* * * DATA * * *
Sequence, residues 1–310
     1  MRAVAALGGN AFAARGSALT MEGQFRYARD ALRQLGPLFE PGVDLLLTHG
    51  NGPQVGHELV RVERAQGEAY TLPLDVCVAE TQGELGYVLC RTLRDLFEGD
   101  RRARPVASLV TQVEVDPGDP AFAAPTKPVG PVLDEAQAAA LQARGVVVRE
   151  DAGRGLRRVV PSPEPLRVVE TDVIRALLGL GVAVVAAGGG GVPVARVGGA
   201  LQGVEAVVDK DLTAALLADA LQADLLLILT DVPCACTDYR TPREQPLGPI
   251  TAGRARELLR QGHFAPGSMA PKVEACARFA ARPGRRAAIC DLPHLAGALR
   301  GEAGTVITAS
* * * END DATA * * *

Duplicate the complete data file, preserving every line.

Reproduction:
Sequence, residues 1–310
     1  MRAVAALGGN AFAARGSALT MEGQFRYARD ALRQLGPLFE PGVDLLLTHG
    51  NGPQVGHELV RVERAQGEAY TLPLDVCVAE TQGELGYVLC RTLRDLFEGD
   101  RRARPVASLV TQVEVDPGDP AFAAPTKPVG PVLDEAQAAA LQARGVVVRE
   151  DAGRGLRRVV PSPEPLRVVE TDVIRALLGL GVAVVAAGGG GVPVARVGGA
   201  LQGVEAVVDK DLTAALLADA LQADLLLILT DVPCACTDYR TPREQPLGPI
   251  TAGRARELLR QGHFAPGSMA PKVEACARFA ARPGRRAAIC DLPHLAGALR
   301  GEAGTVITAS